Are UK attachments to nuclear power at least partly a military romance?
- Start  Tuesday 28 May 2019 6:00pm
- Finish Tuesday 28 May 2019 7:30pm
- Venue Gottman Room, School of Geography and the Environment
- Download event slides - PDF (522.39 KB)
Major long-run global energy trends are raising serious questions about the persistent intensity of UK Government attachments to civil nuclear power. In particular, queries emerge in the UK as elsewhere about the role of military nuclear interests. With hitherto undeclared dependencies between civil and military nuclear programmes increasingly openly discussed elsewhere, defence policy documents in the UK offercrucial substantive evidence. In short, it is evident that capabilities to build and operate nuclear propelled submarines depend to a large extent on the ability of nuclear skills infrastructures and supply chains that are largely funded by second and third tier civil nuclear contracts. Figures from the National Audit Office suggest the magnitude of the associated effective subsidy from UK electricity consumers to military nuclear interests amounts in respect of only one of six currently proposed civil nuclear projects, to many tens of billions of pounds – or around 6% of average electricity bills. Resulting issues are attended to abroad, but remain virtually entirely undiscussed either in UK energy policy or wider national media debates. The issues that are raised therefore transcend energy and military policy, to raise further grave questions about health of British democracy.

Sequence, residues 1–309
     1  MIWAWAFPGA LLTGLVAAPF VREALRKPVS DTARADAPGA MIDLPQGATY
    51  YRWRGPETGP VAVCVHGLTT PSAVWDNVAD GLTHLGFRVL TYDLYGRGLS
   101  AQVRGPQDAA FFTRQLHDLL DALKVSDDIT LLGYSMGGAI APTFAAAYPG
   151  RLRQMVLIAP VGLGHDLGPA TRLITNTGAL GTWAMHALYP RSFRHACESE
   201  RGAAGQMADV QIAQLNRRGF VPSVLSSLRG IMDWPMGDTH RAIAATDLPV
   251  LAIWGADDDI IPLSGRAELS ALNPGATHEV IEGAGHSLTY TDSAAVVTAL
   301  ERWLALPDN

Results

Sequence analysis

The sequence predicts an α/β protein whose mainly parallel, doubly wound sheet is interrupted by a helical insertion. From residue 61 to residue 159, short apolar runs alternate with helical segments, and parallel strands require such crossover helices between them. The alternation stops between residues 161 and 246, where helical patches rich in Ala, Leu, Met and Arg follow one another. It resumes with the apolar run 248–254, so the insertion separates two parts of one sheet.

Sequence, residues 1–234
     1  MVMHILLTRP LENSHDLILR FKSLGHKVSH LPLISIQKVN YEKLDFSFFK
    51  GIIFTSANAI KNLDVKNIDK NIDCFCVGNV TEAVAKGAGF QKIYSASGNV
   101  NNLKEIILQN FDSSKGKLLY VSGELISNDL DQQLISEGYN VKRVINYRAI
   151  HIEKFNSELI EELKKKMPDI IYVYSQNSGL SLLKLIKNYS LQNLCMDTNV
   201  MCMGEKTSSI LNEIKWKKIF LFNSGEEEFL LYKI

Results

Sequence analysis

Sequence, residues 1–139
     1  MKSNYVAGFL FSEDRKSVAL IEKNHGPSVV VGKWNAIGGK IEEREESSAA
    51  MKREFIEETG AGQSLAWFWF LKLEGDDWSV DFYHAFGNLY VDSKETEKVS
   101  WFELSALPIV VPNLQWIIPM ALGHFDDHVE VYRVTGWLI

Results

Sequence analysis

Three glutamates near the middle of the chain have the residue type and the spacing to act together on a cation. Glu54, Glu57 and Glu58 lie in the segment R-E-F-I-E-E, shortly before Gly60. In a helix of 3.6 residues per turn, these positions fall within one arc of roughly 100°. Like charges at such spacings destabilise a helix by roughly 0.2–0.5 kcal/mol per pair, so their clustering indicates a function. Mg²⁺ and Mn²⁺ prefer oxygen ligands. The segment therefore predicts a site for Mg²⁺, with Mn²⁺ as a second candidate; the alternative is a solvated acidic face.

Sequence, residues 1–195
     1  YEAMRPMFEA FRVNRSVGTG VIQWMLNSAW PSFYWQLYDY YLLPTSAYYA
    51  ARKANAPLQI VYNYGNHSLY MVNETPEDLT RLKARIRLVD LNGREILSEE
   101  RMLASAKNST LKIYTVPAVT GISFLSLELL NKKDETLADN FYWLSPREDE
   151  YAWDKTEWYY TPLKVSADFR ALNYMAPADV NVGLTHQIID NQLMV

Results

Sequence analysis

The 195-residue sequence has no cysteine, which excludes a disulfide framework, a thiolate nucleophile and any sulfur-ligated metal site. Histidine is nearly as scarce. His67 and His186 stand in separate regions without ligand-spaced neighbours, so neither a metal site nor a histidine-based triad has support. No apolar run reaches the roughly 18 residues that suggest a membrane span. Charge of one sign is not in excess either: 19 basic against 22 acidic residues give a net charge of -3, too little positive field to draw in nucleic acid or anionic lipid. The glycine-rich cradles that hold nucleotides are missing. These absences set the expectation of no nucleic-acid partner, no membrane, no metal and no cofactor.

Andy Stirling is a professor in SPRU and co-directs the STEPS Centre at the University of Sussex. With a background in astrophysics, archaeology and social anthropology he is a transdisciplinary researcher on the politics of science and technology. A fellow of the UK Academy of Social Science, he’s served on several UK and EU policy advisory committees and the International Panelon Social Progress.
Phil Johnstone is a Research Fellow at the Science Policy Research unit (SPRU). Phil completed his PhD in Geography at Exeter. He is a member of the Sussex Energy Group (SEG) and has been involved in research on a number of topics including nuclear power policy, disruptive innovation in the energy sector, green industrial policy, and the role of war and the military in sociotechnical change.